Athame – With Cunning Fire and Adversarial Resolve
Flashback to 1995. One of your friends, a punk rocker, has just gotten ahold of what he calls “the sickest grindcore ever.” You invite him over, break out the Milwaukee’s Best and a joint, then throw on the record. You are instantly nonplussed and halfway through it, thoroughly disappointed. They just do not get it. To punkers, grindcore meant more intense punk, but it missed on the metal ability to make songs that reached a peak and then took another path which united the conflict of all the earlier riffs but gave it a new context. Athame does none of this, but runs through old punk, metal and grindcore tropes at random, periodically reaching a vantage point of conflict and then letting it run through their fingers like extra jism at a goat bukkake party. To state that this music goes nowhere would be wrong; it goes many places, and hits on some good riffs, but never manages to knit them together in any meaningful way and then fades out, like a dimestore magician exiting the stage after the rabbit comes out of the hat stone cold dead and leaking urine. Like so many musicians now, these guys are studious. They sat down and studied grindcore and metal and picked up on the riff forms they needed, but never figured out how to put them together because that requires skills that cannot be taught. The tricky part is that this album could fool you for the first few listens, and then after buying it and keeping it around for a few weeks, you would realize that not only was it boring, but its window of novelty had passed and that no one else wants to buy it. When people say the nostalgia wave in metal must die, Athame is what they are speaking of.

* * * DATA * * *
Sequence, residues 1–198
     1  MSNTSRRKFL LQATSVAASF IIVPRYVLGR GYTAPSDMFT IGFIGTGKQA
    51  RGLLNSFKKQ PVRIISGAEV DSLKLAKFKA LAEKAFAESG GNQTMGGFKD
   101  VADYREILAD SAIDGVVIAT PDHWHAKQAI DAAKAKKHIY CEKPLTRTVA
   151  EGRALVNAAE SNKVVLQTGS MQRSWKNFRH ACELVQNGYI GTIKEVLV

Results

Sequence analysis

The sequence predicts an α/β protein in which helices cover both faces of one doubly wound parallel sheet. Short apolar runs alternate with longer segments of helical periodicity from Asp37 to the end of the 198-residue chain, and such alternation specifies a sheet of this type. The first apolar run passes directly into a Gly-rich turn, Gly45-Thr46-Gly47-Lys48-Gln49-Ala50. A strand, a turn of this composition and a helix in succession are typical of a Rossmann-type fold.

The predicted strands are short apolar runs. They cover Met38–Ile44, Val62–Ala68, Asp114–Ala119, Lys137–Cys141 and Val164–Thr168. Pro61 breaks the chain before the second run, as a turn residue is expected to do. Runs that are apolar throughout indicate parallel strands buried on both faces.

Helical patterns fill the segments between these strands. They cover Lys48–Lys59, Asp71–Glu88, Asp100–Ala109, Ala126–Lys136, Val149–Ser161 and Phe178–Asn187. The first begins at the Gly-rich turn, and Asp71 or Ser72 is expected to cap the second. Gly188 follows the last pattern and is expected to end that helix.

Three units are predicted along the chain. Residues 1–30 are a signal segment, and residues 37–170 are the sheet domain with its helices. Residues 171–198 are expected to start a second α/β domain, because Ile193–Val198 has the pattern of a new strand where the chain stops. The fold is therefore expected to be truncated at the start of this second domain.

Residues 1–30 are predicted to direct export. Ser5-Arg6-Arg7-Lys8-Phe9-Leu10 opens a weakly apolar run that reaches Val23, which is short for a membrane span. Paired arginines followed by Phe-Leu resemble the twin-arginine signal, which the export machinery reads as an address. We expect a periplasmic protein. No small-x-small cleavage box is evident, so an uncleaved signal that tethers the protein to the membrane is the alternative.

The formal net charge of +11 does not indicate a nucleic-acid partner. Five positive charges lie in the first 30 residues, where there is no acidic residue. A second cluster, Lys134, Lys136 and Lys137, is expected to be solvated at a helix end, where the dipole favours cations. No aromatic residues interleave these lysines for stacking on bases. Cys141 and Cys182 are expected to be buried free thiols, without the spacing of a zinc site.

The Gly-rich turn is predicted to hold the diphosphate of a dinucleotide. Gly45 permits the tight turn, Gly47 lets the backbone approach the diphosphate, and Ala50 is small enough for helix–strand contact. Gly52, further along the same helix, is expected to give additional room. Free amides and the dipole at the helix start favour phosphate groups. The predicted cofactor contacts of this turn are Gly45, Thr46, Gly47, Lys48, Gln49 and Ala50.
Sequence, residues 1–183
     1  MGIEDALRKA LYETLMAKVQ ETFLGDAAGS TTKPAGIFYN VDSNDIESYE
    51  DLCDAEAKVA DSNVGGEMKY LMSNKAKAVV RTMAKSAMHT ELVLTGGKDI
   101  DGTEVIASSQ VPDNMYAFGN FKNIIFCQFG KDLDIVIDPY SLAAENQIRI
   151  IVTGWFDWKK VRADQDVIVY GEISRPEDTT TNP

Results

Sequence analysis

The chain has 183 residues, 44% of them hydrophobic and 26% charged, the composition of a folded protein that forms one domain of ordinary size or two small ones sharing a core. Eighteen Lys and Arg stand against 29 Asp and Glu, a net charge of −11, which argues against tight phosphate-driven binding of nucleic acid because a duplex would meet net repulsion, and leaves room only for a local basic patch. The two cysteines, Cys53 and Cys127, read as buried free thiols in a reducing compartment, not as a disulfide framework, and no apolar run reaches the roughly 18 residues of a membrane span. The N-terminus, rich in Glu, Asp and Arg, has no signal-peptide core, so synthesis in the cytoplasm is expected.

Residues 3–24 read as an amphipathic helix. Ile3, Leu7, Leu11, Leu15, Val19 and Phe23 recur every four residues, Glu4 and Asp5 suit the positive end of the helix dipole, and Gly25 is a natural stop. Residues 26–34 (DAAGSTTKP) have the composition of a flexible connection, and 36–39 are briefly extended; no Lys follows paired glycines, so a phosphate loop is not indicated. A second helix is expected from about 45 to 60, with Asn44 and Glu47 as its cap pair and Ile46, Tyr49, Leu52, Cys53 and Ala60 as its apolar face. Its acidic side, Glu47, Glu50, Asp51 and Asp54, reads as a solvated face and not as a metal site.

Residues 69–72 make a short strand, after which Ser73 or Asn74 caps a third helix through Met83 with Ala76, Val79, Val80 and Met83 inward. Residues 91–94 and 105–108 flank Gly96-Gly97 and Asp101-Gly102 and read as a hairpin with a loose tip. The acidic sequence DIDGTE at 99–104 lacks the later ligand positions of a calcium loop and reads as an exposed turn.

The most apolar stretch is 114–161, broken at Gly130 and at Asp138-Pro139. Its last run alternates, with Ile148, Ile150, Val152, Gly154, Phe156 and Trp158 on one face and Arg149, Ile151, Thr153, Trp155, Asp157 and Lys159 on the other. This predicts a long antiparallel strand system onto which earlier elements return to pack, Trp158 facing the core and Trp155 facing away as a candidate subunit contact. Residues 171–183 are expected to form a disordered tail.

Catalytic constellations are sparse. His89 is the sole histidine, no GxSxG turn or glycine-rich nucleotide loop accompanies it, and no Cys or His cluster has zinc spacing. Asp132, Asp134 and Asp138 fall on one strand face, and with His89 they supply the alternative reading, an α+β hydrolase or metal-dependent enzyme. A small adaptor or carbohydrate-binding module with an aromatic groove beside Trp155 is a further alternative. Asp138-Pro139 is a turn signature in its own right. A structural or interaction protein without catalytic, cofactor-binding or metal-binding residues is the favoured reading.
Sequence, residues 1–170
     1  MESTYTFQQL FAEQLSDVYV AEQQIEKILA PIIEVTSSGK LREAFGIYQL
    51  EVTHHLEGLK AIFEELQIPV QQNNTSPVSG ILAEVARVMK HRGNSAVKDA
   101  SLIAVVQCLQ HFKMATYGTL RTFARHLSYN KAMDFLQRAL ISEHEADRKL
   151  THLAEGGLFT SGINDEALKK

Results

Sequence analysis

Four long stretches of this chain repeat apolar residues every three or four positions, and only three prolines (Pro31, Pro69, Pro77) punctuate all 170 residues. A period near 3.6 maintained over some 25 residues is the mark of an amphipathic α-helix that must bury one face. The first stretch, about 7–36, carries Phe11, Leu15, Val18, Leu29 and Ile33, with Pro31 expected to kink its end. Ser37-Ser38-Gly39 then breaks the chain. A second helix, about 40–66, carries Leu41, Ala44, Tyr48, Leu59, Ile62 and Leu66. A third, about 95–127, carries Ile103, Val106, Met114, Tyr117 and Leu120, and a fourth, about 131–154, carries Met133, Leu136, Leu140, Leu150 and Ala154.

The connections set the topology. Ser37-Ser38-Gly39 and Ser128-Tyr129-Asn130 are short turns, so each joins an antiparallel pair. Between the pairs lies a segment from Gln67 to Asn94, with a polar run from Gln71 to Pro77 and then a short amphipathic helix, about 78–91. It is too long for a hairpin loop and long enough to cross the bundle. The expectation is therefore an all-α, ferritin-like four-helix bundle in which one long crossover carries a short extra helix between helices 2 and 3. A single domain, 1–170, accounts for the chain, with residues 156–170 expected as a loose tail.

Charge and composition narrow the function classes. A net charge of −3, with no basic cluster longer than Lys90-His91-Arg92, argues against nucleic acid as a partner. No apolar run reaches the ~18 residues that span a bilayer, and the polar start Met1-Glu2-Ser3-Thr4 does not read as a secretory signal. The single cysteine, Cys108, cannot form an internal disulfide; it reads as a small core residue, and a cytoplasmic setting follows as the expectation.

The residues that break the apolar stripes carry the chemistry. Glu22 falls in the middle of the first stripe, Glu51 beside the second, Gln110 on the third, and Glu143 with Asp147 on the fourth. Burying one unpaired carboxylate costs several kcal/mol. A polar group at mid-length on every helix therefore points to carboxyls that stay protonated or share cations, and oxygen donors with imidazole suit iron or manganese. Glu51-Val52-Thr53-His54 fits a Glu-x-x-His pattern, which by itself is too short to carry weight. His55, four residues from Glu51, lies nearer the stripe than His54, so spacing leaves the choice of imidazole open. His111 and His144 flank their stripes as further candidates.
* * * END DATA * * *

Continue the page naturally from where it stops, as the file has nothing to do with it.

Profanatica – The Curling Flame of Blasphemy
In the distant future, two bored interns on a deep space transport immersed in the Andromeda Belt are listening to music on their telepathic speakers. One asks what they are listening to. “I dunno,” says the other. “It just says ‘Profanatica.'” The reason for this is that by this future date, supercomputers have analyzed Profanatica and found that the band put out two albums: some with interesting takes on the same ideas, and some which just flog those ideas with slightly varied aesthetics for the sake of having a new release. As a result, the computer number-crunched between similar riffs and distilled all of Profanatica down to a neural network program called LEDNEY.EXE which algorithmically generates new Profanatica albums like turning on a tap of water. Where this band is brilliant at its peak, the valleys are forgettable, and The Curling Flame of Blasphemy rehashes classic Profanatica and more interesting later albums like Profanatitas de Domonatia with slightly more professional polish but less interest. Songs follow the paint-by-number-format and like speakers at a drunken funeral stand up, recite their lines, introduce one question and immediately answer it with the topic of their speech, then fall over and are kicked out of sight by the obese funeral director. It is sad to see this band fall into the same pointless droning badness as the rest of the genre, but there is great happiness here too: the album has ended and you and I both are free of it.